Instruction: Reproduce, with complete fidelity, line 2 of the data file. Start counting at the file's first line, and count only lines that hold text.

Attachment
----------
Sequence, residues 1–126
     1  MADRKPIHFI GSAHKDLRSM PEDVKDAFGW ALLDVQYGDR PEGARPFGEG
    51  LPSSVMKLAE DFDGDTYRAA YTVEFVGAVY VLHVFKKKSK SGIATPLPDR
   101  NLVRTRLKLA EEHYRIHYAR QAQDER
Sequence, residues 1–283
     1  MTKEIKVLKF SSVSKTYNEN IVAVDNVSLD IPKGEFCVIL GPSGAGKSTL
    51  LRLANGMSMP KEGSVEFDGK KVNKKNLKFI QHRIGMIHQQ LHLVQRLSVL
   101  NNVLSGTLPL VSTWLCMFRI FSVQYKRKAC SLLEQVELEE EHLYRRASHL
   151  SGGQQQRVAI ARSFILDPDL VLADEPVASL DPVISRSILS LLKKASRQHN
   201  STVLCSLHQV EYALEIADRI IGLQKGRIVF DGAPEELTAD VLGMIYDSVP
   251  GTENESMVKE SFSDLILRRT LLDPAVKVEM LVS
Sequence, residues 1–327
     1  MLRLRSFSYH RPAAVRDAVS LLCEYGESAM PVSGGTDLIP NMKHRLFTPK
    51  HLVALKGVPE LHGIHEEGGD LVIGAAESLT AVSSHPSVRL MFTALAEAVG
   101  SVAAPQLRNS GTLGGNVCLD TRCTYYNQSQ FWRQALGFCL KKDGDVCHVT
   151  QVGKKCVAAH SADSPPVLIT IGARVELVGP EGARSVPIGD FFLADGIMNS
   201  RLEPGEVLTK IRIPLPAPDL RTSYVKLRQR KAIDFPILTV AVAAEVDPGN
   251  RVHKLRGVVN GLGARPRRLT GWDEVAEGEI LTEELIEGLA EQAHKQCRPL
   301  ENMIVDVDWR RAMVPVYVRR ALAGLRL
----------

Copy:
     1  MADRKPIHFI GSAHKDLRSM PEDVKDAFGW ALLDVQYGDR PEGARPFGEG